An out-of-control Egyptian government has now sentenced more than 680 people to death in a mass trial that lasted a few minutes and is part of an organized effort not just to crush its political opponents but to eliminate them. Last month, a court delivered a similar sentence on 529 other Islamists. The sentences further demonstrate that the military-led government’s ruthless disregard for the law and its contrary political views go far beyond anything that former President Mohammed Morsi was accused of doing when he was deposed by the army in July.
And what did the Obama administration have to say about this travesty, which will further fuel hostility and division in one of the Arab world’s most important countries? “The United States is deeply troubled,” the office of the press secretary said in a shockingly weak statement.
The death sentences are subject to appeal, but that is little solace to the defendants who have been accused and sentenced with nothing resembling justice or even minimal due process. In Monday’s ruling, the spiritual leader of the Muslim Brotherhood, Mohamed Badie, was among those convicted even though he repeatedly emphasized nonviolence in his public remarks in the period leading up the anti-Islamist crackdown that began with Morsi’s overthrow and the backlash against it.
The sentences were imposed for inciting violence and disturbances in which one police officer was allegedly killed. But none of those sentenced was charged with participating in murder. They were given the death sentence for lesser crimes.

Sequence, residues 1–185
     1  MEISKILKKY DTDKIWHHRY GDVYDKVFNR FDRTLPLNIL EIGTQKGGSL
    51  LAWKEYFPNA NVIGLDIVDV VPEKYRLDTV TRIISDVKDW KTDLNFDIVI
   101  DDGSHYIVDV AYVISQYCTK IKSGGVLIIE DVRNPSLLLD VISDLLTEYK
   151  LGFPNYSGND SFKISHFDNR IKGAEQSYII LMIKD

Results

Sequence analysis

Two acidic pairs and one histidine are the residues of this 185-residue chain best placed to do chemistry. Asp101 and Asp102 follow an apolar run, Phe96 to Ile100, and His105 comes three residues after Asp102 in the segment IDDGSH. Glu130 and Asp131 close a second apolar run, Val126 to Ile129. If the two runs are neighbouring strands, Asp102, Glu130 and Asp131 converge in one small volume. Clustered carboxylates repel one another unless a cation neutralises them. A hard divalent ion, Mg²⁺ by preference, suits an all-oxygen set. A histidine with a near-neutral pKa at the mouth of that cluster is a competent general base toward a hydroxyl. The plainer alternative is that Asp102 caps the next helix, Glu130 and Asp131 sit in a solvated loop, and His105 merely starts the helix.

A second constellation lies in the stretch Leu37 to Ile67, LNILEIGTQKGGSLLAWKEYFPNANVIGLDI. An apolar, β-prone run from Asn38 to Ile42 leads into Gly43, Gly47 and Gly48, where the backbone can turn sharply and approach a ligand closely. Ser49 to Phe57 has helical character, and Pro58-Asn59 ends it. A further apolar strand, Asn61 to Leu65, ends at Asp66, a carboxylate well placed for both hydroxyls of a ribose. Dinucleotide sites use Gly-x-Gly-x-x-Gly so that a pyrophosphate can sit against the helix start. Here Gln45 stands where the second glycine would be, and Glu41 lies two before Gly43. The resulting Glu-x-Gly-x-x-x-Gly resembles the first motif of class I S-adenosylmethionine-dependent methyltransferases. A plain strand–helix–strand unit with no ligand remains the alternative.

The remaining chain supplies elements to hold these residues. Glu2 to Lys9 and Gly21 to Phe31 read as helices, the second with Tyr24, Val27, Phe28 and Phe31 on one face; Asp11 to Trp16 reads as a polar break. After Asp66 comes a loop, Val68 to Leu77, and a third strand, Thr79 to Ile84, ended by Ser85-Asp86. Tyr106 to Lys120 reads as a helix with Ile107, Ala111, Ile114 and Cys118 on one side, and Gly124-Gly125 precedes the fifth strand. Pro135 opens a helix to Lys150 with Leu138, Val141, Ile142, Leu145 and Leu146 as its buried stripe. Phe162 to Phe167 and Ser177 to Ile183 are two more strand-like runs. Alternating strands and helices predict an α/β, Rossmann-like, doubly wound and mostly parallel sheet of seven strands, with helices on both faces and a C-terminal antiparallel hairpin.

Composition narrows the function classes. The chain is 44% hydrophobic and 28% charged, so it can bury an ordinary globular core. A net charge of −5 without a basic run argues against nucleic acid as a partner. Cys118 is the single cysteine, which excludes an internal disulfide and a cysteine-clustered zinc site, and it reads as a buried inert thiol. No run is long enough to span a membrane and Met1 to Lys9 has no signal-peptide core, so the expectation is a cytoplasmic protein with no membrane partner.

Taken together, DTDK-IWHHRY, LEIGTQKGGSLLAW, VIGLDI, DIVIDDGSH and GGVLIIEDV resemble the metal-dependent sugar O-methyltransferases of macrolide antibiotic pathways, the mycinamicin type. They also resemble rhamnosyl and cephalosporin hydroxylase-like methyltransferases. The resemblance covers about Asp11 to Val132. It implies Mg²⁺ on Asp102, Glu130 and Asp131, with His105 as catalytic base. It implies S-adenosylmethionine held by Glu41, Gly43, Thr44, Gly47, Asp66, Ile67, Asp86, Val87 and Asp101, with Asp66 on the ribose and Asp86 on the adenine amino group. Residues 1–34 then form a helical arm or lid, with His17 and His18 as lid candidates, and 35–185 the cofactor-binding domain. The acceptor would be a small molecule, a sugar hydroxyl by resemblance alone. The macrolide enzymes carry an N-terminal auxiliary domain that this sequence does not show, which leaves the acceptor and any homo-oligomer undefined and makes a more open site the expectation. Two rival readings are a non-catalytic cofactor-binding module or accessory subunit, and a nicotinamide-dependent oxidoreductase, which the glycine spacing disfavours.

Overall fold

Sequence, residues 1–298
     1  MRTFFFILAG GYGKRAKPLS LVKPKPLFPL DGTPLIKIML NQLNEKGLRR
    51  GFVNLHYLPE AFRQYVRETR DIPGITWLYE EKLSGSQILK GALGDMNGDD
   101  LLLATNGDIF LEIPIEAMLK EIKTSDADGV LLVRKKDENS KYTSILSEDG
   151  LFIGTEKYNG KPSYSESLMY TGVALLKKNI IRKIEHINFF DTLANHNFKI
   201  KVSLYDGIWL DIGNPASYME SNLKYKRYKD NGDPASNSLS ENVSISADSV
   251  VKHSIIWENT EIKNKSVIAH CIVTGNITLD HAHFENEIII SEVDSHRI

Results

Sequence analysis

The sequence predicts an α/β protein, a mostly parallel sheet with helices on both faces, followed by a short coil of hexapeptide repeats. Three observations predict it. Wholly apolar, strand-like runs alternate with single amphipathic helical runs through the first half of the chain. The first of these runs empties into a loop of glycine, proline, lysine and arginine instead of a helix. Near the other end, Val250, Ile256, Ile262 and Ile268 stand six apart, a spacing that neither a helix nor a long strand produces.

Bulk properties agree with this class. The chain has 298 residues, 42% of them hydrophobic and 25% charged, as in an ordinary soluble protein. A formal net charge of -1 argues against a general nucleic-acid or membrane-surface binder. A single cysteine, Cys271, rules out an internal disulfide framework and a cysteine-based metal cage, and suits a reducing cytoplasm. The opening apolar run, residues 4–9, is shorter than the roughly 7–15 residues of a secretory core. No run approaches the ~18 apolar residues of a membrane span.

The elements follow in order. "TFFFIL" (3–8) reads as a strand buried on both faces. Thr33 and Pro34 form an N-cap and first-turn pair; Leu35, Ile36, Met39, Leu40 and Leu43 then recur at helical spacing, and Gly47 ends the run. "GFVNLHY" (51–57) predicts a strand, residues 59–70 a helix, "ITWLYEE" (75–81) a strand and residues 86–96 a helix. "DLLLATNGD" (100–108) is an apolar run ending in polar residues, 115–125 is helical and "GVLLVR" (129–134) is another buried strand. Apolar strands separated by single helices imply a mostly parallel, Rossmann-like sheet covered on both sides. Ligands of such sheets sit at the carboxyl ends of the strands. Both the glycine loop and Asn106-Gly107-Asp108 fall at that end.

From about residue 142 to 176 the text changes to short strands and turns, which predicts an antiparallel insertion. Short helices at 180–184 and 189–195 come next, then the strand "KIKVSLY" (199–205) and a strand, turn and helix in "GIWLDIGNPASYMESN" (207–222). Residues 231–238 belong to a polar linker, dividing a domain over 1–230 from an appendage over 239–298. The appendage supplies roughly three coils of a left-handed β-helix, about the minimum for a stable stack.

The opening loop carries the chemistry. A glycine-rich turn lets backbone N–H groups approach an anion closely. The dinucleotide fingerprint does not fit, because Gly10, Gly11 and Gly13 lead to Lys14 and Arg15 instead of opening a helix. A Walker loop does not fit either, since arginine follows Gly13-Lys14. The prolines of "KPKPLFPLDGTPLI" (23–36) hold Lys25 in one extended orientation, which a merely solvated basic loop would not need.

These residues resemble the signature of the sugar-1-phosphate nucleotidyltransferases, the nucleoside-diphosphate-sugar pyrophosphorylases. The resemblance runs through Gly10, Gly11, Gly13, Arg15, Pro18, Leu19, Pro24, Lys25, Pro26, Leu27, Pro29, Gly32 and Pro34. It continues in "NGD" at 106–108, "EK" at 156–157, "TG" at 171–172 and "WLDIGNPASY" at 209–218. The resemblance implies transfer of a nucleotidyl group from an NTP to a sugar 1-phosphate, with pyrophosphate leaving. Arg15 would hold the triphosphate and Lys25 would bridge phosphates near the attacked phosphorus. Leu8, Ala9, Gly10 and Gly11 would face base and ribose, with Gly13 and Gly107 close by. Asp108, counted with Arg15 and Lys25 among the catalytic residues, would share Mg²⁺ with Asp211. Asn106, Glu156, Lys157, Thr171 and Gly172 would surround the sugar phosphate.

The courts in Egypt were once regarded as relatively liberal within the country’s authoritarian system, but it is clear the judges have become a government tool. There has been no serious attempt to deliver justice for the thousands of Islamists and other anti-government critics who are now languishing in jails or the estimated 1,000 who were killed by security forces during last year’s protests by supporters of Morsi and the Brotherhood.
Like the United States, Israel has an interest in a stable Egypt that can honor the 1979 Israel-Egypt peace treaty and defeat militants in Sinai. But an Egyptian government that persecutes its political opponents and denies them justice and any political role in society will produce only instability and violence.
— The New York Times
A new loan low
College students who borrow from private lenders often assume that private and federal student loans work the same way. The two could not be more different.
Federal loans, for example, have low, fixed rates and broad consumer protections that permit people who run into trouble to make partial payments or to defer them altogether until they recover financially.
Private student loans from banks and other lenders typically come with variable interest rates, which means that borrowers who misunderstand the conditions of the loan can be shocked to find what they owe in the end. In addition, private loans offer limited consumer protections, leaving borrowers who get into trouble with few options other than default.
These drawbacks are bad enough, but the federal Consumer Financial Protection Bureau now finds other problems. Borrowers have been forced into default without warning. Borrowers with perfect credit histories can suddenly be required to pay the full amount of the loan if someone who co-signed on the loan dies. Some have received the bad news, accompanied by threats of legal action, even as they mourn the death of a parent or grandparent.
These unfair contracts date from the fiscal crisis, when investors were burned by securities backed by sloppily drawn student loans to borrowers who had not been properly vetted. The upshot was that more lenders began requiring co-signers. That seemed reasonable. But the agency report shows that lenders are springing surprises not only on borrowers but on co-signers, keeping them tied to loans long after borrowers have proved their creditworthiness.
Federal regulators clearly have a lot to do to address what amounts to a student loan crisis. (Total student indebtedness is now about $1.2 trillion.) They can begin by preventing contracts that unfairly burden borrowers in the private market, who owe $150 billion.
— The New York Times